The Maryland General Assembly would have to approve the recommendations. Judges' salaries are reviewed every three years, or, as in this case, at the request of the state legislature.
Posted by Annie Linskey at 4:44 PM | | Comments (0)

Balto. Co. panel suggests liquor license changes

A Baltimore County task force examining how liquor licenses are issued to restaurants is preparing to submit recommendations to County Executive Kevin Kamenetz next month.

At a meeting Thursday, the task force agreed to recommend some changes to the way restaurants get licenses, but not all the details of their plan are worked out.

The task force plans to recommend increasing the number of restaurant licenses a person or corporation can hold, from six licenses to 12. They will suggest eliminating a requirement that a license seeker gather signatures from 10 people within a mile of the business.

The task force has also decided to suggest that new licenses issued after a certain date should not be able to be transferred, except through the sale or relocation of a business.

The task force has not agreed on whether to recommend creating a new type of wine and beer license for restaurants. Another issue still up for discussion is whether all existing licenses should eventually lose their ability to be transferred.

Kamenetz announced the task force in August, saying changes to the license system could encourage economic development by expanding the restaurant sector. State legislators would have to approve any changes to the license laws.

Licenses are now issued based on the population of the county’s election districts. The task force on Thursday discussed how the county could distribute licenses throughout the county to make them available in revitalization areas.

Licenses can cost more than $100,000 when a restaurant owner buys one from a current license holder. People who have paid large amounts for the licenses fear that changes to the current system will devalue their investments.

The group -- made up of county officials, developers and representatives of the business community -- meets every Thursday at 10 a.m. and plans to submit its recommendations to Kamenetz by Nov. 15.

-Alison Knezevich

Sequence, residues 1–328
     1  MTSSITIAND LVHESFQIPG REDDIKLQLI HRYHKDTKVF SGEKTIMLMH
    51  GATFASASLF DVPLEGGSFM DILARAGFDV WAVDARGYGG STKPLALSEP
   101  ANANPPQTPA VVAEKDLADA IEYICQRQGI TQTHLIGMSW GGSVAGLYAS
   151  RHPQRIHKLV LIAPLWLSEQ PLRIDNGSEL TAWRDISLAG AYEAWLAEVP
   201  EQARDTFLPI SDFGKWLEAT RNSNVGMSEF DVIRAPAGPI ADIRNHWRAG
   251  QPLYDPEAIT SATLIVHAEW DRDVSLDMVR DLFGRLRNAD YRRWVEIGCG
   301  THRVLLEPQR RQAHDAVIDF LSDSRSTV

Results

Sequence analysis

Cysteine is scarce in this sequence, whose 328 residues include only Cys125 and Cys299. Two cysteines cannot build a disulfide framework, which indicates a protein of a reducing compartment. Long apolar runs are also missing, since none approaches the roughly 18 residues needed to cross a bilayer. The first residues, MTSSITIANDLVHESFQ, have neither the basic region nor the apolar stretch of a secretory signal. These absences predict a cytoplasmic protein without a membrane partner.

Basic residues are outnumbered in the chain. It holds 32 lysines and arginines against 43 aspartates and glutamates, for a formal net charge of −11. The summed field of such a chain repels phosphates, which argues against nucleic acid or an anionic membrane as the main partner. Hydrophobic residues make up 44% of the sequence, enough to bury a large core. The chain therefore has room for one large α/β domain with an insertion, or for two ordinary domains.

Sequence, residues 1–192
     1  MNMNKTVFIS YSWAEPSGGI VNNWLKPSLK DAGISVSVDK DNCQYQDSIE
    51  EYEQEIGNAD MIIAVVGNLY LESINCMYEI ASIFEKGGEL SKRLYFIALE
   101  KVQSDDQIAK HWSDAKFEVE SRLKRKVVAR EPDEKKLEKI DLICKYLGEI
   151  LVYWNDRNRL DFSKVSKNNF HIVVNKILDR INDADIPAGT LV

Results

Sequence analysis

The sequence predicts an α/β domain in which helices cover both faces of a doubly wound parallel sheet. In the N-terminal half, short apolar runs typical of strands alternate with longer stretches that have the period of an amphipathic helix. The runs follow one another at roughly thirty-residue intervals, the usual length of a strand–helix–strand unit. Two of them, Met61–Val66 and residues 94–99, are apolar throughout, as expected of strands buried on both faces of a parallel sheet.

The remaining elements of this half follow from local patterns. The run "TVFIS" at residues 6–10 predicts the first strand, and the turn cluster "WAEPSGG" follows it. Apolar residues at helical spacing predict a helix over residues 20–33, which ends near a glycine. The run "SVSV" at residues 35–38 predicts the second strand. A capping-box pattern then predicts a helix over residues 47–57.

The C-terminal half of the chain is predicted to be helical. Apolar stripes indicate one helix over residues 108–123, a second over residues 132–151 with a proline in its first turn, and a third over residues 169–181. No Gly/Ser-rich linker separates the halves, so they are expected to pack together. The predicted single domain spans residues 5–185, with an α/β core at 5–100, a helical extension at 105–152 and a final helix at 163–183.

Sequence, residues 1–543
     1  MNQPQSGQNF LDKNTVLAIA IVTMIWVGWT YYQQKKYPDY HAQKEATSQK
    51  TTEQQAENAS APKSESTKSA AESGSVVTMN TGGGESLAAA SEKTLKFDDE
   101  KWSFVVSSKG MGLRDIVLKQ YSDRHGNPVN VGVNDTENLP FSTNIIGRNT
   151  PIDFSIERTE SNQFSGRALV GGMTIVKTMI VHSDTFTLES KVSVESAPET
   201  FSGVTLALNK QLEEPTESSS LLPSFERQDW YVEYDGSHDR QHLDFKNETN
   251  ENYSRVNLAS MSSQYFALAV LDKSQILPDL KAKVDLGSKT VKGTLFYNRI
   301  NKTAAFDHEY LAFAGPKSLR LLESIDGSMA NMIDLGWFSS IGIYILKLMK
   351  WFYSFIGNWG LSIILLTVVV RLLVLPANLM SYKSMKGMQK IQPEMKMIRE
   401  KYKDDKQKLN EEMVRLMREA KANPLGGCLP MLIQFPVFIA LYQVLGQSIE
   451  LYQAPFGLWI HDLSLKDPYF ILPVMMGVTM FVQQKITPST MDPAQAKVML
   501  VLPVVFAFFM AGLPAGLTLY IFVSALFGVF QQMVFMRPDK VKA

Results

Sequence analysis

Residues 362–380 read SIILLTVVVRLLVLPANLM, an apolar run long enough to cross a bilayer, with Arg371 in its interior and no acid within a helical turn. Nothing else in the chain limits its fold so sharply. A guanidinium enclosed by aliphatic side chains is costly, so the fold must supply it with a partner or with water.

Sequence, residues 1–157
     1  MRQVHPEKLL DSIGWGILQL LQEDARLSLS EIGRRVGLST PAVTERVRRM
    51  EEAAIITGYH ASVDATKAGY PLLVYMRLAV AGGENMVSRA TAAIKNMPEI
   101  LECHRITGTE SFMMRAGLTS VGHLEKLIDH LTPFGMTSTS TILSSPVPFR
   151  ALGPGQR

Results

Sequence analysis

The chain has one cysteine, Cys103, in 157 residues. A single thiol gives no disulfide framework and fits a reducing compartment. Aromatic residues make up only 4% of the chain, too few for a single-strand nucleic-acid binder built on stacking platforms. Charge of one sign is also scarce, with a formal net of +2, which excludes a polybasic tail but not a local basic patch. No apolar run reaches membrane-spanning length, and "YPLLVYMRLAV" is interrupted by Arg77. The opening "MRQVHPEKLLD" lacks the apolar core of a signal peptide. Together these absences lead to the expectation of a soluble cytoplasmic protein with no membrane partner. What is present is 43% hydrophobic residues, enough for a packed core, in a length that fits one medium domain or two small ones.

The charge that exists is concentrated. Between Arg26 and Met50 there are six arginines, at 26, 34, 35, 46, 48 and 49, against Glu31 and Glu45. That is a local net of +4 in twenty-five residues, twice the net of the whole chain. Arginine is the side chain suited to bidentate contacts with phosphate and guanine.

Posted by Andy Rosen at 2:17 PM | | Comments (0)
Categories: Baltimore County

October 12, 2011

No jobs bill for the special session

Lawmakers won't see an Administration jobs bill next week, when they gather in Annapolis to approve a new political districts for Congress, said House Speaker Michael E. Busch.

O'Malley spokeswoman Raquel Guillory confirmed that a jobs package wouldn't be introduced, but left open the possibility for some other jobs related announcement next week.

The Speaker said he expects the administration to "start to promote" a jobs bill during the special session "so we can take it up in the regular session" which kicks off in January. Busch spoke briefly after a 10 a.m. state house pow-wow with Senate President Thomas V. Mike Miller and the governor.

Busch said he expects lawmakers will see "a presentation to build momentum" for jobs legislation -- but no bill will be unveiled. The Speaker has advocated internally for accelerating parts of the capital budget during the regular session as one way to stimulate jobs, an idea that O'Malley floated publicly last week.

Last month, O'Malley said he was considering jobs legislation during the October special session, but aides have since downplayed the likelihood of an administration package before January.
Posted by Annie Linskey at 1:44 PM | | Comments (3)
Categories: Administration

Goodbye special session

Two dozen typos found Tuesday night by legislative analysts in the governor's mammoth redistricting bill will force the state senate back in session Thursday morning, if only for a few moments to approve technical changes to the measure.

The House will also go in session Thursday -- only to officially adjourn. House GOP leaders expressed irritation that they'll have to come back for a procedural motion and rumors were flying in the state house Wednesday evening that they may try to register their protest in some way. At this point there is nothing they can do in the House to prevent the bill from moving forward.

Both Houses are expected to be done by noon, though the traditional confetti drop marking the end of regular session is unlikely. Gov. Martin O'Malley could very well sign the bill today.

The map is likely to face a court challenge -- and if that fails congressional redistricting won't be revisited until 2021.
Posted by Annie Linskey at 5:25 AM | | Comments (0)

October 11, 2011

Layoffs still on table in Balto. Co. amid buyout talk

Even as the Baltimore County Council weighs an employee buyout plan that could chop millions from next year's budget, local officials said they are not ruling out layoffs or furloughs.

Council members discussed the early retirement proposal at a Tuesday meeting, where administration officials told them it would save about $14 million a year. County Executive Kamenetz proposed the buyouts --- which about 1,100 general government employees qualify for -- last month.

The plan is intended to cut about 200 jobs. Depending on how many people take the offer, “we are not in a position of taking layoffs and furloughs off the table,” Kamenetz's chief of staff Don Mohler told The Sun after the meeting.